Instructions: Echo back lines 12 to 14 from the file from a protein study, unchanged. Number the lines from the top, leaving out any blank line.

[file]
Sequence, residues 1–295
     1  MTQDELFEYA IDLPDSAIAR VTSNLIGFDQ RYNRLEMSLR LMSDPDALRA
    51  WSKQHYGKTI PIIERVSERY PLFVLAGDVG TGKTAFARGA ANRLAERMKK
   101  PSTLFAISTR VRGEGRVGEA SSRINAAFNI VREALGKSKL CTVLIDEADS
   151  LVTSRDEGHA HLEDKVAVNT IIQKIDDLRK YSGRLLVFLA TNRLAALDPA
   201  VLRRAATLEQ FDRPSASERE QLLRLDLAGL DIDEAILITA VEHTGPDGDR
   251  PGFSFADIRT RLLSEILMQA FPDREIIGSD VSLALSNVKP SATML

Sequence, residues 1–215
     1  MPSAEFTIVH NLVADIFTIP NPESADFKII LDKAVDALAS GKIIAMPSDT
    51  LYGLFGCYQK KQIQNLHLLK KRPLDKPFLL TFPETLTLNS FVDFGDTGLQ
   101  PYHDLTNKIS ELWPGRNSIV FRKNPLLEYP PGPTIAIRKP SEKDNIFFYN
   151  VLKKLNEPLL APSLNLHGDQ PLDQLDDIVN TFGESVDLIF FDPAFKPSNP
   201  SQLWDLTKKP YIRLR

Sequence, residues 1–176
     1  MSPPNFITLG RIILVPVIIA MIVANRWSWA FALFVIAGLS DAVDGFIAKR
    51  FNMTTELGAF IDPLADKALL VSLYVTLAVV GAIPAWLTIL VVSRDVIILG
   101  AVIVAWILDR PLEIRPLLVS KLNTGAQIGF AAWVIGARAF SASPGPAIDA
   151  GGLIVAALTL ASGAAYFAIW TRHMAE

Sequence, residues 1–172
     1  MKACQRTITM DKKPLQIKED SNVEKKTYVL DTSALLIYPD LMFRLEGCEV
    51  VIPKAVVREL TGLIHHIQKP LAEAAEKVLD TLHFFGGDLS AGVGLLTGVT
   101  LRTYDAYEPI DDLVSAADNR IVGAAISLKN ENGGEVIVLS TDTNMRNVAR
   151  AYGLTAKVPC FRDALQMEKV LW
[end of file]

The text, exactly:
   151  VLKKLNEPLL APSLNLHGDQ PLDQLDDIVN TFGESVDLIF FDPAFKPSNP
   201  SQLWDLTKKP YIRLR

Sequence, residues 1–176